My latest book is The One Who Swam With The Fishes.

"A mesmerizing account of the well-known story of Matsyagandha ... and her transformation from fisherman’s daughter to Satyavati, Santanu’s royal consort and the Mother/Progenitor of the Kuru clan." - Hindustan Times

"Themes of fate, morality and power overlay a subtle and essential feminism to make this lyrical book a must-read. If this is Madhavan’s first book in the Girls from the Mahabharata series, there is much to look forward to in the months to come." - Open Magazine

"A gleeful dollop of Blytonian magic ... Reddy Madhavan is also able to tackle some fairly sensitive subjects such as identity, the love of and karmic ties with parents, adoption, the first sexual encounter, loneliness, and my favourite, feminist rage." - Scroll

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18 July 2007

Out, damn block

Where have I been?

With scout, who is in Bombay briefly. We're sorta having a chick blog conflab, well, nothing as organised as that I admit, but still, we're chick bloggers, we're conflabbing, let's just call it a really, really mini-blog meet. Yesterday, we got reasonably buzzed, today we will attempt to move beyond reason. Other factors that contribute towards me feeling good today (besides no hangover, and friendly company ie) is the fact that a comely member of the opposite sex (hi!) read my blog, and recognised it, even, when I mentioned what is was. What price anonymity, when you can flirt a little, eh?

I was accused at Melody's happy to you party, of writing entirely for an audience and not "doing any writing for me anymore" and while at the time, I sputtered a little bit and then said snottily and wimpishly, "That's your opinion" before I tossed my head and looked away, I realised the next day (by which time it was too late) that really what I should have said was duh.

Of course I write for an audience. I blog. If I didn't want an audience, I would journal. (Which I do, but trust me, a week of that writing and you'd be begging me to go back to the sex already). And any blogger who tells you they write for themselves is totally lying. Unfortunately, the problem with this is that when you're blocked, like I am at the moment, words are just not forming at my fingertips like they normally do, you feel this sort of panic to update, and immense and utter frustration at not being able to get the words out.

So, even though I've been busy and I've had a lovely weekend, and I have a new favourite club, I can't seem to summon up the appropriate enthusiasm all these things rightly deserve. Just basic writer's block, nothing to get anxious about, but I'm going to update this later, when the need to spill is back. Later this week, I promise.


  1. All i have to write is to mention a quote of Laurence Olivier - Experience is something you don't get until just after you need it.

    well it sums up either write or be written about

  2. Melody is very happy you came for her happy to you party, hope you enjoyed yourself muchly.

    Must meet up soon again! Cheers!

  3. I find it completely ludicrous when people say that you have been writing for audience and not for yourself. They fail to see that the audience exists because of you, and your writing, and not the other way around. The audience reads what you make them read; your writing is not dictated by their whims and capriciousness. While Freudian analysts (like me) might argue that sub-consciously every writer is affected by the audience it curtails to. Yes, one is, but to a certain extent. As, if one becomes too much influenced by the view point of the audience, he/she can’t continue writing for much long. And by the look of things you have been doing quite well for the past 4 years. Writing is all about instincts and spontaneity, the day you fetter these, writing becomes highly cumbersome routine and not a pleasurable orgasm. No doubt your opinions about certain issues, your perspective about life would have changed with time, and they in turn would have influenced your writing style but that is so very natural. And to equate that change with writing for audience is incomprehensibly farcical. I completely accede that we do write for recognition and approbation. We do want our comments section to swell like a gargantuan water-melon. But I still prefer that people who actually comment on my blog should be able to relate to what I’ve written. Maybe, that’s why I wasn’t part of your audience till now, as in my last four-five visits to your blog I could never relate to what you wrote. However, this time I could.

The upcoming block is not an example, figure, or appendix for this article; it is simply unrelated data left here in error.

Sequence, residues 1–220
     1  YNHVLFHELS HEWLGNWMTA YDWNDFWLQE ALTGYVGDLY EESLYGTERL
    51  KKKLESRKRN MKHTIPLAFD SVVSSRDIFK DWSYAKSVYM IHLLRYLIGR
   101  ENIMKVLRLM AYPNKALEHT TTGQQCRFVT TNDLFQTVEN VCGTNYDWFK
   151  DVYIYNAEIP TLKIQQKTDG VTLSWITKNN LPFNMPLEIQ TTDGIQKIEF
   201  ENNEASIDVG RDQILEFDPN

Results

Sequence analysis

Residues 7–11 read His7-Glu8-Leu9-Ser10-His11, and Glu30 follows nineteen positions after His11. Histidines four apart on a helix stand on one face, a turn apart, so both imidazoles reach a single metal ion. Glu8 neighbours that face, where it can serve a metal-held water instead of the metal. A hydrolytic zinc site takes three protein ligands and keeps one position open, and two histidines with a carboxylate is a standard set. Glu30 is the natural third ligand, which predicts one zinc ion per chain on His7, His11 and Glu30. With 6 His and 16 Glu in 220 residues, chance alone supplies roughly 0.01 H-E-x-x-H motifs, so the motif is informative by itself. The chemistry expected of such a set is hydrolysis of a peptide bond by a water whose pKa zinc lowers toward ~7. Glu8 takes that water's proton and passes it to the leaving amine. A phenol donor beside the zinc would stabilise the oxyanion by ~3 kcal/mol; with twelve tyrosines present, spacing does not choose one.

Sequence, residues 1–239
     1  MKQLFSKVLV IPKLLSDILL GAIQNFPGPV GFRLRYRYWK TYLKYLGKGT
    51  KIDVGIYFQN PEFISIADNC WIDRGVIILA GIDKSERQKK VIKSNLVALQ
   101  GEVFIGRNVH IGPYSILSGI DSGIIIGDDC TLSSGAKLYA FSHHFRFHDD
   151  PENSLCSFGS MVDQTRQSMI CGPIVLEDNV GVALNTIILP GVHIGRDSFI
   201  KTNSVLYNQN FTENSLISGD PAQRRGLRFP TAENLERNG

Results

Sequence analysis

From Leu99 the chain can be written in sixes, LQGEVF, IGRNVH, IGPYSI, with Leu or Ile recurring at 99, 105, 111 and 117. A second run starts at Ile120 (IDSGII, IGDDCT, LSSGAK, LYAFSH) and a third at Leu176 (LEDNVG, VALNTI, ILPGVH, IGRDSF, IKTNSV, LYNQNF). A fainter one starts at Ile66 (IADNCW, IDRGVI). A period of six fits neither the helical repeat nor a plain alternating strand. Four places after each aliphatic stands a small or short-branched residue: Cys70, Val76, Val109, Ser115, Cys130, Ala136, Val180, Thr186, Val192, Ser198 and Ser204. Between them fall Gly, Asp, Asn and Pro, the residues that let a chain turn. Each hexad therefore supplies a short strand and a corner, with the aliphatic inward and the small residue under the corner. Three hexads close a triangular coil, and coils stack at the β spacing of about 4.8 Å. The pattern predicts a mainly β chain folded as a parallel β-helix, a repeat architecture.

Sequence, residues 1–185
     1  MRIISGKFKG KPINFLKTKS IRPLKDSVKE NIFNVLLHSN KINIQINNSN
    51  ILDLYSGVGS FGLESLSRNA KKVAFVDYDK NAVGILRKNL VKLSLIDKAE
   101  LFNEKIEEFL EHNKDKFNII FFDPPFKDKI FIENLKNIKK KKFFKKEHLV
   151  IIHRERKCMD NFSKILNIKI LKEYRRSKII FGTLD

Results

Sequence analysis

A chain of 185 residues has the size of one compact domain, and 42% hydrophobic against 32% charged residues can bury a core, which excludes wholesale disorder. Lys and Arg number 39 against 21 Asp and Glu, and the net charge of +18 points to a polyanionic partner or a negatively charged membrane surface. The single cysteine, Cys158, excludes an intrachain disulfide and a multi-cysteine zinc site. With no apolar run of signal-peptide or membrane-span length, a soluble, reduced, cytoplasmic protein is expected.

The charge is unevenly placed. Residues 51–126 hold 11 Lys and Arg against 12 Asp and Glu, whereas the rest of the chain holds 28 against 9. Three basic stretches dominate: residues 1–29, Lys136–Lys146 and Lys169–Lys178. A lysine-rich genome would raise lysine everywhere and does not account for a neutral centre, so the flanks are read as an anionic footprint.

4. What i wanna know is, when is the book coming out?....:)

  5. lil eM.. your problem is that you exist in a well with an exposure to a very limited type of crowd...and you think what holds true for that lot holds true for the world. you say the silliest things sometimes..

  6. would be nice if you responded to this -

  7. writer's block?? doncha worry.. you'll wrok your way out.. till just put up your feet and relax!! :)

  8. agree with u completely. blogging is but writing for an audience. duh!

    - Sudha

  9. To live n die
    By a comment's, `Sigh'
    To sway public crowds, I slog,
    On my private blog.

    Keep writing!

  10. twas my 25th birthday yesterday and yes, I was at home surfing the internet. (to be fair, i was waiting till saturday for the celebration) Saw your blog for the first time and I had a great time reading it. I don't know much about blog etiquette....Is it creepy to read a random persons blog?
    Anyway, its a damn good read.

    P.S. does that albert guy usually post such loquacious (read: obnoxious and boring) comments?


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